Saturday rolled around and I got up early to nab 4 Altima steelies for $30 bucks. Thanks Bob’s U-Pullit! The truck tire place down the street mounted my rally tires for another 30, and I was good to head to Ft. Meade for the night rallycross. Ft. Meade is south of Orlando by about an hour, and it ends up being a 4 hour drive since I live south of downtown Miami by 30 or 40 minutes.

Little floppy green glowsticks taped to about a hundred cones in a grassy field looks amazing.

I ended up in the 2nd running group because I didn’t rush to the booth and I prefered to wait and see what the other drivers did. I’m not super-experinced and sometimes you pick up problem areas and things to watch out for.

After the first group’s runs were over, I dashed out to my car and lined up. The car seemed to be liking the cooler central FL air, I think some of my sensors aren’t what they used to be. I consistently dropped time in my first three runs, which is important.I did think about my fan issue, but they were fine.

More of a MR-2, a Volvo 240s with straight pipes, a prepped Impreza, a 2006 STi owner testing the car out some, a pair of 80s VWs, and a maniac in a modded WRX finished, I lined up again.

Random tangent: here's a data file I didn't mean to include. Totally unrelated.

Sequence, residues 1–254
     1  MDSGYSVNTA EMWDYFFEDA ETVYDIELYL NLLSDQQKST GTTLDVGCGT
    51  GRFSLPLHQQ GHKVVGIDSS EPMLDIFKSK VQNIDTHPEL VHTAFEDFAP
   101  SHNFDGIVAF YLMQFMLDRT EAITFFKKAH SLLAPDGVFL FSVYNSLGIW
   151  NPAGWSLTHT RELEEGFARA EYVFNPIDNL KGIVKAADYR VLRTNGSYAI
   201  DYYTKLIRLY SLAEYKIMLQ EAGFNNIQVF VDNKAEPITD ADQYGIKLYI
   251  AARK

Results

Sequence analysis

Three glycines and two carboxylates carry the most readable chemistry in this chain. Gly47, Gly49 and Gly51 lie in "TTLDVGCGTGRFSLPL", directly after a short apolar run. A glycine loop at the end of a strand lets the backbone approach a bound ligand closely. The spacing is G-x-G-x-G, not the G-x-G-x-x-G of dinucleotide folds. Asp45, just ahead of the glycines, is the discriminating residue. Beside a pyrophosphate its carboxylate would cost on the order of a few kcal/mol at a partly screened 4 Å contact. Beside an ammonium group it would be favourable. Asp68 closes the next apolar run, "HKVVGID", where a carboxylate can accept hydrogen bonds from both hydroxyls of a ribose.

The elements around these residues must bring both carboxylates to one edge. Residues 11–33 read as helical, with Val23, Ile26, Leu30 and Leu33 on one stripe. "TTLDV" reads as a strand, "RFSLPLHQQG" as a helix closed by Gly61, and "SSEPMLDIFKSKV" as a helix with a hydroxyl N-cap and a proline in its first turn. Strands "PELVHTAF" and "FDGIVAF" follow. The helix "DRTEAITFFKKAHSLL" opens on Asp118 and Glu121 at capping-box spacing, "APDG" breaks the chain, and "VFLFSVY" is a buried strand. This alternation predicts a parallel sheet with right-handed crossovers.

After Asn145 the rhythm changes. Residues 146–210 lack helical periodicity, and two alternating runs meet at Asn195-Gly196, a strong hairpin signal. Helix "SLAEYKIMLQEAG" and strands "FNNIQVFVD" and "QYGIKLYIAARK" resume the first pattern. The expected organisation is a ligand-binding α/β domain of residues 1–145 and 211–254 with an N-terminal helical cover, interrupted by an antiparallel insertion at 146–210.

I launched, and after bouncing up and down a good bit, I noticed that the cluster lights and radio face was flickering occasionally. The temp gage wasn’t flickering at all. It was heading for the top. Halfway through, I backed off since this car was my ticket home. Back at the staging, I popped the hood and after 10 minutes of futility with fuses and my ghetto wiring, my race was over. Damn. Doubly dissapointing because last time a blown strut forced retirement. Upon review in the morning, the larger fan was physically damaged. It wouldn’t even spin anymore.

Special and most apreciated-ness to Mr. and Mrs. Black, who graciously let us run on the property helped me get the 80 amp fuse I needed to make it home safely. Thanks to everyone who came out, maybe I’ll finish an event at Ft. Meade soon!

Rallycrosses and a track day have brought some important weaknesses in the stock bits:

I need new, stiffer springs. The stockers simply aren’t stiff enough. Any suggestions?

Different struts are required. Again, stiffer. I have an Aussie friend who thinks some rebuildable adjustable Bilsteins would be the answer for a student on a budget (me). His brother runs them on an RX-2 with little fuss.
Even though this sounds like a good idea, I’m open to other ones.